New arena brings Hollywood movie magic to Middie fans

It only looked like basketball games but this weekend’s celebrations commemorating the closing of one historic Middletown schools’ gym and the opening of another were so much more.

The Friday evening final game in the old Wade E. Miller Gym in the city’s former high school building — now middle school that will close at the end of the school year — was an all-star, all-community send off to the historic home of the great Middletown Middie basketball champs.

And the all-day Saturday games — boys and girls basketball — at the new Wade E. Miller Arena on the campus of a transforming Middletown High School and middle school were a celebration of a new chapter in the iconic sports program’s bright future.

It was a revival of the famed Middie Magic that has meant so much to so many during more than six decades.

Fans accustomed to watching games in Miller Gym, named after a former Middletown City Schools superintendent, will see the technological advancements made in the last 65 years. Miller Arena features two professional-style baskets on Jerry Lucas Court, four 9-foot by 12-foot LED scoreboards, bright lights, a high-quality sound system, a walking track, a wrestling room, a strength center, athletic offices, trophy cases and an attached community room.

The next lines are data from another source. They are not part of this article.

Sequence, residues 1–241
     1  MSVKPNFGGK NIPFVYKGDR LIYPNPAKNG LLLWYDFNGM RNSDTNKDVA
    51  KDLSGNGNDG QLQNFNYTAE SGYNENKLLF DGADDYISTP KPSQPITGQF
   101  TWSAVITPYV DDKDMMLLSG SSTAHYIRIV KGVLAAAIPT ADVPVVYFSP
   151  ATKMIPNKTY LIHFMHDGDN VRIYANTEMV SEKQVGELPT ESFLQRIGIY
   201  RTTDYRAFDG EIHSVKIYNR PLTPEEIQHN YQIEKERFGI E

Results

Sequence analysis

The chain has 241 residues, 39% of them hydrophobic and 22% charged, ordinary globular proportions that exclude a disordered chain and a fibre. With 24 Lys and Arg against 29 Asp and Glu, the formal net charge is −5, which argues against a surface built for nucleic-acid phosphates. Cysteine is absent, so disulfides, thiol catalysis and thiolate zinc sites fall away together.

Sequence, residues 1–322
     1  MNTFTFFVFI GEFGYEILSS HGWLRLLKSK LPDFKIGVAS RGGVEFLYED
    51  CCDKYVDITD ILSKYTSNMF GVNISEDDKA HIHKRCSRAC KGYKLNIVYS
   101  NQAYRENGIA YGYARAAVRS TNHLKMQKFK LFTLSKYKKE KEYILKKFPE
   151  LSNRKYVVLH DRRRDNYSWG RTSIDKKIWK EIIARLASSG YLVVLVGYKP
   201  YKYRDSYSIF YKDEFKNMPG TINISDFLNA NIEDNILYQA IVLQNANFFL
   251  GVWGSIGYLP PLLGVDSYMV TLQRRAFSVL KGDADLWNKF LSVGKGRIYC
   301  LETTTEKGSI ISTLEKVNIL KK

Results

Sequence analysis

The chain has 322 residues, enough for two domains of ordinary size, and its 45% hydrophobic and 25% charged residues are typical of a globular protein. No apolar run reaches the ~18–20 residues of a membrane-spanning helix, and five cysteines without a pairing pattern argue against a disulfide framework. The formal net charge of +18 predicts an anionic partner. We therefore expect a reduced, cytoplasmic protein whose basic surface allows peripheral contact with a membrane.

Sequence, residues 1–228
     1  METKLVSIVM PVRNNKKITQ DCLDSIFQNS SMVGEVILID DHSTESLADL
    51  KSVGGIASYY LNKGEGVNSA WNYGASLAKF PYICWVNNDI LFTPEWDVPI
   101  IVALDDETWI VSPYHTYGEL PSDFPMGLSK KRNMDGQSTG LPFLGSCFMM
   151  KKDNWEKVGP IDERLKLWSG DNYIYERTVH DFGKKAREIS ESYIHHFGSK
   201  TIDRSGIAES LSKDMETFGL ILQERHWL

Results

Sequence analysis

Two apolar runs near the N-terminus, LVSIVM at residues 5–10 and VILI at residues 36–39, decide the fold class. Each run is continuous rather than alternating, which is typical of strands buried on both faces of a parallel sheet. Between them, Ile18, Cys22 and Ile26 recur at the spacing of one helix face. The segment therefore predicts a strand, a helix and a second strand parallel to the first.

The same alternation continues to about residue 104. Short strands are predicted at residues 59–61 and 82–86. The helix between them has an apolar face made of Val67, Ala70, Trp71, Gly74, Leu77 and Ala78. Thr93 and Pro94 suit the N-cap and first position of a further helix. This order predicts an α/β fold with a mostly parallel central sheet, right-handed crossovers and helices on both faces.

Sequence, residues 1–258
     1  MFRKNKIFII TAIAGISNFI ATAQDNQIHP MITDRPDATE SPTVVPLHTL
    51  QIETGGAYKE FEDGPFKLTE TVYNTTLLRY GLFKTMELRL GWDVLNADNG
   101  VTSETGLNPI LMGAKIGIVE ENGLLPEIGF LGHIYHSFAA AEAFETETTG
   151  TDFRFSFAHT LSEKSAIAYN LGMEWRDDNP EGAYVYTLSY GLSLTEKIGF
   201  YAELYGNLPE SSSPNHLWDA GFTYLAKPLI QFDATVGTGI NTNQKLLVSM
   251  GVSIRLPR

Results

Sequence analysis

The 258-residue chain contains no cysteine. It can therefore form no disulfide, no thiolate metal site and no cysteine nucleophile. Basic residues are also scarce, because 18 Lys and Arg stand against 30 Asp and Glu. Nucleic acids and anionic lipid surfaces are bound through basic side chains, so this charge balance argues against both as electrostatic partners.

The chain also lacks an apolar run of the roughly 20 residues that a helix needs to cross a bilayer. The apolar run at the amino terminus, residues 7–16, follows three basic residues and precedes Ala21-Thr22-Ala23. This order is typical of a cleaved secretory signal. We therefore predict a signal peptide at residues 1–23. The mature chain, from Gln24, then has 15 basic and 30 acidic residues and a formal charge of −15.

“All the bells and whistles,” Middletown High School Athletic Director Aaron Zupka said.

Miller Arena is just part of the improvements and building taking place on Breiel Boulevard. Middletown High School, which opened in 1969, has been renovated as part of a $96 million project that includes a new Middletown Middle School being built next to the high school.

Though the boys varsity teams lost on consecutive nights, the thousands of fans who came to cheer their beloved Middies’ basketball history marked it all down as a win.

It’s because the two days of events, which included the return of beloved hometown sports hero and NBA Hall of Famer Jerry Lucas, were about much more than just basketball, said the leader of Middletown Schools.

“This is about Middie pride at its ultimate finest. You talk about history and rich tradition in Middletown school district and our city and you get to see it tonight,” said Superintendent Marlon Styles Jr. “This is about a city coming together for our students.

“There is a sense of pride that we are coming together as one Middletown.

“We thank everyone who came out to the two nights and we thank everyone who came back,” to the city school system that binds Middletown closer, Styles said.

(Staff Writer Rick McCrabb contributed to this story)